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Thriving or Suriving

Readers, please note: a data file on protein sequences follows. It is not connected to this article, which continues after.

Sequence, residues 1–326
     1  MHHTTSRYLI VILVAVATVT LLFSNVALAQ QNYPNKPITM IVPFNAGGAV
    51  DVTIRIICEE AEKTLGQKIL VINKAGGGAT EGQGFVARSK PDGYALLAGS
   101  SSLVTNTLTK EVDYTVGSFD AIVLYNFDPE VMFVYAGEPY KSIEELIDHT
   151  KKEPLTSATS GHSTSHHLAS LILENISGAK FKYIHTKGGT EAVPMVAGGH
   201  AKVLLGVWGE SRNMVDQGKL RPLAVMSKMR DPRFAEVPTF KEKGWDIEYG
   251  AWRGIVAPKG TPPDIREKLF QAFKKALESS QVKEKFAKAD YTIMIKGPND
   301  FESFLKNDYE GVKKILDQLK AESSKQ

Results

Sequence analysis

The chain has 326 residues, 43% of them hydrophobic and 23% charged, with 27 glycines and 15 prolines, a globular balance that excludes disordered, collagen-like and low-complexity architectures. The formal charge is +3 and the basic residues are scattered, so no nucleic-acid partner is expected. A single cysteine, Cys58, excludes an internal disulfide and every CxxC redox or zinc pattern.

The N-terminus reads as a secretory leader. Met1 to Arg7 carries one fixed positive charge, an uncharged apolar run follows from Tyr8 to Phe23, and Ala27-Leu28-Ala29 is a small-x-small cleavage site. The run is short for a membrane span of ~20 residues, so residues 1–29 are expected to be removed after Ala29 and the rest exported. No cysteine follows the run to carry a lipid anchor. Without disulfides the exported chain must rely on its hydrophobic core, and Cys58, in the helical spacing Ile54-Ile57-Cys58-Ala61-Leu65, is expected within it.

Addressing the common but often overlooked feelings of alienation and being on the outskirts of one’s college experience, a recent event examined this phenomenon, dissected why students feel this way, and offered real and attainable solutions for students to be able to not just survive, but thrive.Moderator of the “Thrive or Survive: Making the Most Out of Your College Experience” event on April 20, Venus “Zuhura” Noble, a social worker and former teacher, explained the distinction between thriving in one’s college experience versus just surviving. “To thrive is to grow, become, find your creative niche, grow into what you are meant to be,” Noble said. “However, I knew that a whole bunch of students were not doing that. Instead they were merely ‘surviving’, just sitting there with no purpose, not knowing why they were there.”Having experienced both sides of the “thrive or survive” lifestyle, junior Rozena Harten felt that it was important to organize the event. With the support of campus groups, Harten orchestrated the event, featuring speakers who all shared their personal experiences and suggestions on how to make the most of your college experience. After an introduction by Harten and a poem by senior Ophelia Stringer, the keynote speaker of the night, Rev. Cheryl D. Ward, came to the podium. Ward, a writer and owner of the Liberation Press publishing company, chronicled her personal battle with getting through college and graduate theology school. With honesty and humor, she proposed a formulaic approach for students who want to thrive, suggesting tools that anyone, regardless of sex or race, could use to excel. Beyond the important task of making connections with the faculty, Ward said that in order to thrive, “one must learn to transform their education into something that will work for them, and that will impact the community where they plan to serve.” In closing she said, “Tap into your creativity; the resources will come. If they don’t have what you need, create what you need, you don’t have to go through the educational process without having your needs met. You have everything before you – use it!” Ward’s speech was followed by a huge round of applause and an occasional “Amen!” creating an open atmosphere for the question and answer session that followed.The Q&A session raised many complex issues that affect college students, specifically students of color. The questions alone reflect the nature and mission of the event. Noble, who moderated the Q&A session,asked panelists for their thoughts on what is needed for students to thrive in college, whether students of color need more support and what the term “structural vulnerability” means. The panel, diverse in age, sexuality, and profession, provided distinct responses and reflected upon their own personal experiences. Panelist Tina A. Zaman, a senior at Mills College, responded to many of Noble’s questions, but in particular she addressed the concept of “structural vulnerability,” and its impact upon an individual’s potential to truly thrive in a college institution. She explained, “Structural vulnerability in an institution is the idea that marginalized minorities are much less likely to be understood by faculty and administration because there are less resources within that institution in terms of being validated with our experiences.” As the event closed, emotions were running high, as students tearfully gave roses and expressed their gratitude to visiting Women’s Studies professor Margo Okazawa-Rey, one of the night’s sharpest panelists, whose contract was not renewed for the fall semester.One of the main points made at the event was the importance of creating a support system. “You are not the only one who is feeling that they are losing it,” Ward said. “Get people together and start talking about how you are feeling. So many negative consequences can result from not feeling accepted or connected.”This was the first event of its kind at Mills, but Harten plans to hold the event again in September.